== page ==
The final buzzer went off, and moments later Sunday afternoon the championship caps went on.
The scene is getting to be, well, old hat for Purdue.
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There were the Boilermakers, proudly donning their championship gear and standing arm-in-arm on the Sears Centre floor in Hoffman Estates celebrating yet another Big Ten women's basketball tournament title, a decisive 62-47 victory over Michigan State. It was Purdue's ninth championship in the 19-year history of the tournament, and the 13th time a Purdue team has played in the title game.
What isn't old hat for Purdue, though, or for any Big Ten team for that matter, is wearing championship caps at the next level.
The big question at the Sears Centre following the title game wasn't necessarily how Purdue beat Michigan State, but how Purdue could possibly parlay its success at the Big Ten tournament into something much more substantial in the NCAA Tournament. And would other Big Ten teams be able to do the same?
It hasn't happened very often in the past, certainly not often enough for a power conference of the Big Ten's caliber.
In fact, there has been only one team in the history of Big Ten women's basketball to earn the right to wear an NCAA championship cap. That was Purdue in 1999.
Five other league teams have been to Final Fours, but the other pressing issue of the moment is that the Big Ten's most recent trip to a Final Four was eight long years ago. That's when Michigan State made it in 2005.
"It's time we went to work," said Michigan State coach Suzy Merchant, speaking of the league's lackluster NCAA record as a whole.
You can sense the frustration among Big Ten coaches that the conference isn't better represented deep into the NCAA Tournament and at the Final Four on a regular basis. But Purdue coach Sharon Versyp says that's about to change.
"Our time is coming in the Big Ten," she said. "I think there's been a lot of really good change in the last few years. You've got a lot of new coaches, a different style of coaching and our recruiting is changing. We're bringing in a different type of athlete to the Big Ten.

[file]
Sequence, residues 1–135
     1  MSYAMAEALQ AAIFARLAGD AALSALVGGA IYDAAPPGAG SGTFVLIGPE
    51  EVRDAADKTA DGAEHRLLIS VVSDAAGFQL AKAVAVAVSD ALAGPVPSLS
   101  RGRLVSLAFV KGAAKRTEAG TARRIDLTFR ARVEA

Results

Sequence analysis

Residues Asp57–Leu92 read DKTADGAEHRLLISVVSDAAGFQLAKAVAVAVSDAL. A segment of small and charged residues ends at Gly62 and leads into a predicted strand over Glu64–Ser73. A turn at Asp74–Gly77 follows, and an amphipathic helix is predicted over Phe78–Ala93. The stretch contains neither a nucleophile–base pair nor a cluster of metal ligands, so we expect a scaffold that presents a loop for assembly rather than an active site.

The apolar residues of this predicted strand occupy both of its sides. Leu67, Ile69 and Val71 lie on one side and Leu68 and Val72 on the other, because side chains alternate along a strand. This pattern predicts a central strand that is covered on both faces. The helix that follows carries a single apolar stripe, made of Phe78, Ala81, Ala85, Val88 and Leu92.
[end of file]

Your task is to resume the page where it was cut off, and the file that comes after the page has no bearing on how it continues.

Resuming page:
"The Big Ten is more up and down and a lot more explosive. It's very dynamic now. It's not what people used to think of when they thought of the Big Ten, and that was slow and sluggish. Now, we've got great athletes out there getting up and down the floor and being quick. We are changing the style of the conference and it's making us better."
Penn State, averaging a league-leading 74 points per game, is one of those up-tempo teams, and the Big Ten's top hope for a major NCAA breakthrough this season. The Lady Lions, who lost in the Big Ten semifinals to Michigan State but won the regular-season conference title, have been ranked among the top 10 nationally all season.
"I feel like they have a chance to be a Final Four team, I really do, given the right matchups and the right situations," Merchant said of Penn State. "That's one heck of a team. But there are a lot of really good teams in our league, and I think there are a lot of us who will get good opportunities in the NCAA Tournament."
Penn State likely will get the best shot, by way of seeding.
Versyp thinks Penn State will get a No. 2 seed, and that advancing to a Final Four with a seed any lower is next to impossible.
"There's always a chance for an upset, but it's much easier to make a run at a Final Four if you're a No. 1 or No. 2 seed," Versyp said. "It's tough to break through otherwise."
So on Selection Monday next week, Versyp, Merchant and all the other Big Ten coaches become Penn State fans, rooting for a high seed and favorable path for the Lady Lions. A Penn State breakthrough would be a much-needed breakthrough for the entire conference on the national stage.
"We're all anxious for that to happen," Versyp said. "We all just want to climb the mountain."
And wear a championship hat.